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Posts tagged ‘Dalit’

Speaking in Tongues: The Promise of Black-Dalit Women’s Dialogue

By Shilpa Menon
While Dalit women’s writings have always drawn from Black feminist ideas, why does Dalit-Black women’s solidarity, their speaking and writing on equal grounds as political allies, enter so late into the narrative of Dalit-Black solidarity and transnational women’s movements in general? And most importantly, what promises for a new paradigm of politics emerge when Dalit and Black women speak and think together?

Language after Babel

By Ravi Shanker N
Initially, Dalit poetry in English showed the same characteristics and same reasonings of vernacular Dalit literature (with the exception of Malayalam). But, are we witnessing a change? Since these poets mainly operate from metropolises and other urban areas, their concerns primarily revolved around the well-worn images of Dalit oppression as met in the cities.

Reflections on Chandramohan S’s poetry

By Aaron Sherraden
Ceiling fans hover above the lynched victims, draped with blue flags, an image of the Ambedkar Students’ Association banner that Rohith Vemula used to hang himself from the hostel ceiling fan at the University of Hyderabad.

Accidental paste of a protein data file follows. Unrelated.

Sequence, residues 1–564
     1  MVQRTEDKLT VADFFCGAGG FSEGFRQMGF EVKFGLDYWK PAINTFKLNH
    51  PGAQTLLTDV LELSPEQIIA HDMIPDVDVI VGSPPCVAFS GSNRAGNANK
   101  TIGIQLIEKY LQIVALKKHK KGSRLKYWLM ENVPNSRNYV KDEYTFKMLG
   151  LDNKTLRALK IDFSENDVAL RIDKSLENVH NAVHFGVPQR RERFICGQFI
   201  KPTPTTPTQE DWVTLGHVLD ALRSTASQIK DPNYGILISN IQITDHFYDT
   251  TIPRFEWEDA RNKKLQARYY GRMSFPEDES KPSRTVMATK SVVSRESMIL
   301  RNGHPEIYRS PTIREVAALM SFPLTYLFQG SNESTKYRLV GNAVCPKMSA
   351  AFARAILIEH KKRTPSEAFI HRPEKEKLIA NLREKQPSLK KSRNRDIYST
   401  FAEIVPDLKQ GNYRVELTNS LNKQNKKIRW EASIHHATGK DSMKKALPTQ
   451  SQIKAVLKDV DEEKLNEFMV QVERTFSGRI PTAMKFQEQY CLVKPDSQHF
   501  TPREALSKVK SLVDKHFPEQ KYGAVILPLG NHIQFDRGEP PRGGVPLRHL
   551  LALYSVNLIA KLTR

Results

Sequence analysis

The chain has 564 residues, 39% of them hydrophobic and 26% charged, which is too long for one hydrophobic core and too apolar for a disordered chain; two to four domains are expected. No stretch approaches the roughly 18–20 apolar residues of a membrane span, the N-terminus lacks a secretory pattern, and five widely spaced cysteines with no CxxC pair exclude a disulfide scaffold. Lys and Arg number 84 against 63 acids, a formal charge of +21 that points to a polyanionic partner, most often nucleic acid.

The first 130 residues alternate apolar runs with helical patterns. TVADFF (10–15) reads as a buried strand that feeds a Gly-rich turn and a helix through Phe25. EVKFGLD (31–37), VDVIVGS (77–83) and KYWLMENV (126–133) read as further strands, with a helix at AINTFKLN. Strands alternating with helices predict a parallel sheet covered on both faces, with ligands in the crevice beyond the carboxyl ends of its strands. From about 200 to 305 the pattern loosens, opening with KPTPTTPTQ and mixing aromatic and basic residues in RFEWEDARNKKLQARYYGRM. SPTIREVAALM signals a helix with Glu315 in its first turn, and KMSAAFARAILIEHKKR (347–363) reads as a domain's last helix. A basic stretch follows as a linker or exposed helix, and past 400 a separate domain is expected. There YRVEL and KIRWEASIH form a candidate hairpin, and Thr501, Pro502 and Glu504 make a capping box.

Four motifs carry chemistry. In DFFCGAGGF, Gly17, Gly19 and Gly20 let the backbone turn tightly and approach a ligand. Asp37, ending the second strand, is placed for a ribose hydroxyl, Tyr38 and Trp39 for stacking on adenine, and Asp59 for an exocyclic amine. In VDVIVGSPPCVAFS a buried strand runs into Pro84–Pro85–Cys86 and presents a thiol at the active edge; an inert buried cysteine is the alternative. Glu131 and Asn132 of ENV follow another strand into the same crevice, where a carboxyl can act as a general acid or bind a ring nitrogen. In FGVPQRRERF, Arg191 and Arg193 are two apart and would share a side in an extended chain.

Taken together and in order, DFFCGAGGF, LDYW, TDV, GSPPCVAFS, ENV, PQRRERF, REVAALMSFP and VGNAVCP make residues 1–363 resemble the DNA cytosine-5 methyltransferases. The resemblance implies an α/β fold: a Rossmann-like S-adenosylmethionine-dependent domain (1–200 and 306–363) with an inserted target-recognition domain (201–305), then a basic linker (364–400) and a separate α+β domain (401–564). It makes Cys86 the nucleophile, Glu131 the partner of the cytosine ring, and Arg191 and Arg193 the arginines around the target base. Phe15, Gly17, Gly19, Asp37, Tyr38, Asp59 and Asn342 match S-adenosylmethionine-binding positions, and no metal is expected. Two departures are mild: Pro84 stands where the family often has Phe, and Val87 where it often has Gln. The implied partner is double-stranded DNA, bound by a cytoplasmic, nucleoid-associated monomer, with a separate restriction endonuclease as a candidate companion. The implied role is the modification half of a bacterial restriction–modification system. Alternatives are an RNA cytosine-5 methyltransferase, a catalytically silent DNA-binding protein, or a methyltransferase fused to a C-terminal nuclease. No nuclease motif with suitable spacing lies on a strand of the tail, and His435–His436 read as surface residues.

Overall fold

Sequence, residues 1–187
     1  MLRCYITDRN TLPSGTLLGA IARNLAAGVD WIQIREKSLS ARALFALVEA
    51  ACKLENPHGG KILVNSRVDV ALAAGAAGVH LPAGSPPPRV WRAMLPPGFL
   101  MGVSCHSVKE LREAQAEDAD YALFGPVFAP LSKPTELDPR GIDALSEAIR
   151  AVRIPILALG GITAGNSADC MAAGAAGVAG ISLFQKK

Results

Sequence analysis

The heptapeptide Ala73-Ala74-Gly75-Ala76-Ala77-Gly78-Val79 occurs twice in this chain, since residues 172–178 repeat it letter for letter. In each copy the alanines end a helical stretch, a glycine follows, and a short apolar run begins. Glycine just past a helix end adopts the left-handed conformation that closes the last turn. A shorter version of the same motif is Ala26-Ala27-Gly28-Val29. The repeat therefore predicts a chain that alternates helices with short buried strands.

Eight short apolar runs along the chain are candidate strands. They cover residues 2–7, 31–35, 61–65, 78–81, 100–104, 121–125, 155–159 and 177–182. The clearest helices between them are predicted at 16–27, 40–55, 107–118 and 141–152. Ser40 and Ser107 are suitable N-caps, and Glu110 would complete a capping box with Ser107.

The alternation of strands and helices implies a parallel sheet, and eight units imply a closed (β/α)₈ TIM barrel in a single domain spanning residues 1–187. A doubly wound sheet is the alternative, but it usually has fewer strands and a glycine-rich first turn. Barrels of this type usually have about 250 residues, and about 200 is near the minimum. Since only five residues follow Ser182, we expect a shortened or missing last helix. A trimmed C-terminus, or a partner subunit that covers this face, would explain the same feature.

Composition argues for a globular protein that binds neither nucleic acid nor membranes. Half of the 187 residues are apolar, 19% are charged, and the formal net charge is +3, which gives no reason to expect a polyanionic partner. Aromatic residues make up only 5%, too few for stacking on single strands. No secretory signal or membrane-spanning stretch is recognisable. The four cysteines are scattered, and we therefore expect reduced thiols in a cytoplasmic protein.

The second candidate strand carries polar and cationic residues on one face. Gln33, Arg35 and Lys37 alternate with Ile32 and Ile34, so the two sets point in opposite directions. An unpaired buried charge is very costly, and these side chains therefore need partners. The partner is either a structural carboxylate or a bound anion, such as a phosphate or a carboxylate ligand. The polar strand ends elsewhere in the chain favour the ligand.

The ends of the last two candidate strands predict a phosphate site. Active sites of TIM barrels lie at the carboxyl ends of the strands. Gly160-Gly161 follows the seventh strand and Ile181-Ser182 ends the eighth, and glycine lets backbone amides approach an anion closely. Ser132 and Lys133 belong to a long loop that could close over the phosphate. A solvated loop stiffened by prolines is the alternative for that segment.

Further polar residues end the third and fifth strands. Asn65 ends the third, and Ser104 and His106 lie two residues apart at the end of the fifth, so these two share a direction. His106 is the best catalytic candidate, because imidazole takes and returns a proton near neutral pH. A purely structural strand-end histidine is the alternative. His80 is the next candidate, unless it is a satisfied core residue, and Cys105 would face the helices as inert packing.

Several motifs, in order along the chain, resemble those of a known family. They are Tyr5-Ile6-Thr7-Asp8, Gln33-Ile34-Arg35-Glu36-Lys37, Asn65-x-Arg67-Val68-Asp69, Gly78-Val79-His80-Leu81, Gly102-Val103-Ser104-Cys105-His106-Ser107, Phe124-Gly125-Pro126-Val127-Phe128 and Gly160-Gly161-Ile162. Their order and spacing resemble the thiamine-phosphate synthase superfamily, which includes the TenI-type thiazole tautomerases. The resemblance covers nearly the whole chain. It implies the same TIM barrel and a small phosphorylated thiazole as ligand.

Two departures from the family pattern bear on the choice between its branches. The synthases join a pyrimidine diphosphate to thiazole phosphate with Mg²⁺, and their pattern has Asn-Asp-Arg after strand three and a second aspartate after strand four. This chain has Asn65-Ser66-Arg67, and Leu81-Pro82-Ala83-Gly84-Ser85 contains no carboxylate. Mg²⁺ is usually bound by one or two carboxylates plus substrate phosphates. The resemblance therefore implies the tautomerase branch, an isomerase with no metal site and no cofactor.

Flash Fiction: Entwined

By Amrita De
The newspapers next day reported my death, as another failed instance of a fragile attempt by an upper caste emancipator to voice the suffering of the ‘need to be emancipated’ Dalit woman. There were no protest marches or fevered sloganeering.  

What Ferguson means to an international student in the US

By Mosarrap H. Khan
Black bodies matter as a source of cheap labor in coffee shops, supermarkets, Ikea, and Walmart shopping centers. The white folks make a lot of noise about labor abuse in the Middle East and other parts of the world. I live close to a government apartment block occupied by black folks. If you ask me, it’s nothing but a labor camp in a modern metropolis.

Haan, Main Savitribai Phule

By Mary Ann Chacko
Sushama Deshpande has been performing this play for over 25 years. Hence, there have been occasions when someone who had first seen the play in her adolescence was now the mother of an adolescent herself. Once in a village a lady came and told her that she had decided to educate her daughter despite all obstacles after watching the play.